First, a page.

The Evaluation Report of the ‘’PRESTO’’ online tool that equips teachers for remote music education was awarded an outstanding 96/100 score and officially labelled “Good Practice” by the competent EU Agency.
PRESTO reached maximum or near maximum scores in all four areas of the assessment, resulting in a “Good Practice” label to the project by the European Commission’s Education, Audiovisual and Culture Executive Agency. This incredibly high score and acknowledgement reflect the outstanding quality of the project outputs that target music teachers all over the world. The acronym PRESTO stands for ‘Practices and Resources for Equipping Schools to Teach Music Online’.
The tool, freely accessible on the easy-to-navigate website kodalyhub.com/presto, offers many curated and peer-reviewed resources to equip teachers with ideas, tips, examples for remote teaching of music. Thanks to the diversity of the project consortium, where HEIs, NGOs and an SME represent four European countries, all fields of music teaching i.e. classroom, choral and instrumental are covered.
On this diverse and rich platform, teachers may find videos, lesson recordings, animated teaching aids, methodology notes, sound files and scores in a total number of more than 750.
The assessment highlighted how the project represented EU values, in terms of inclusivity (materials produced for hearing-impaired people in British Sign Language, a manual for parents, the diversity of languages of the songs exhibited, etc.), and highly praised the cultural values of Zoltán Kodály’s music education principles.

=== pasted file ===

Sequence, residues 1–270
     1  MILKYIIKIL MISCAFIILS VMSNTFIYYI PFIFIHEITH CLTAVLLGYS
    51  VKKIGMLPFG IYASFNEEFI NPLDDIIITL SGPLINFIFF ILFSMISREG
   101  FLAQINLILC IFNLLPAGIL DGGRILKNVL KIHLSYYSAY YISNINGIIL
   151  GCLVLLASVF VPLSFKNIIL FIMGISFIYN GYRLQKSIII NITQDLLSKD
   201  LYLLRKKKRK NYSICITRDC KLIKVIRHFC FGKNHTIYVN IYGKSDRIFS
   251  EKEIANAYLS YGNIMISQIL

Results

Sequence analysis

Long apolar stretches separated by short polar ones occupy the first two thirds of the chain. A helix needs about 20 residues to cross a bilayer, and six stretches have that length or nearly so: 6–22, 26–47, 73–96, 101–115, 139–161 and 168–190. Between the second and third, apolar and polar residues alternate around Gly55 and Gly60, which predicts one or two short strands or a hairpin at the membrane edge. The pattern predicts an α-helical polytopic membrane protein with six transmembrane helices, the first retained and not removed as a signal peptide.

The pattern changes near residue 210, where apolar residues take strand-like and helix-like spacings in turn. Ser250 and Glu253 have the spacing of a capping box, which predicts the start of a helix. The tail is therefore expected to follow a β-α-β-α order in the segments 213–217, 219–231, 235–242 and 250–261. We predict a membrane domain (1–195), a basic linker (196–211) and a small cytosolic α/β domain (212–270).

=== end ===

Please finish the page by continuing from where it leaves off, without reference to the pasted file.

The Kodály Institute’s internationally acclaimed innovative approaches, the involvement of young Irish and Hungarian composers in the project, their playful compositions and the special methodology that turn the disadvantages of latency in distance learning into strengths are also a real speciality.
The consortium was led by the Kodály Institute of the Liszt Ferenc Academy of Music (Kecskemét, Hungary) with artistic leadership by director Dr László Norbert Nemes, whereas consortium members were Caprice Oy (Helsinki, Finland), Dublin City University (Dublin, Ireland), the National Youth Choir of Scotland (Glasgow, Scotland, United Kingdom) and Sing Ireland (Limerick, Ireland). The total funding by the EU was 262,409 euros.
“In addition to this great recognition, this excellent rating is also a vastly important feedback that Zoltán Kodály’s principles of joyful and engaging music teaching are valid in today’s digital age and also in an international context,” said Dr László Norbert Nemes. He added: “Another important message of the project is that there is a way out even from the deepest hopelessness caused by covid-19 such as the school lockdown and then the hopelessness of singing lessons organised without singing, if teachers are creative as well as free to turn to resources such as those created by this international consortium”.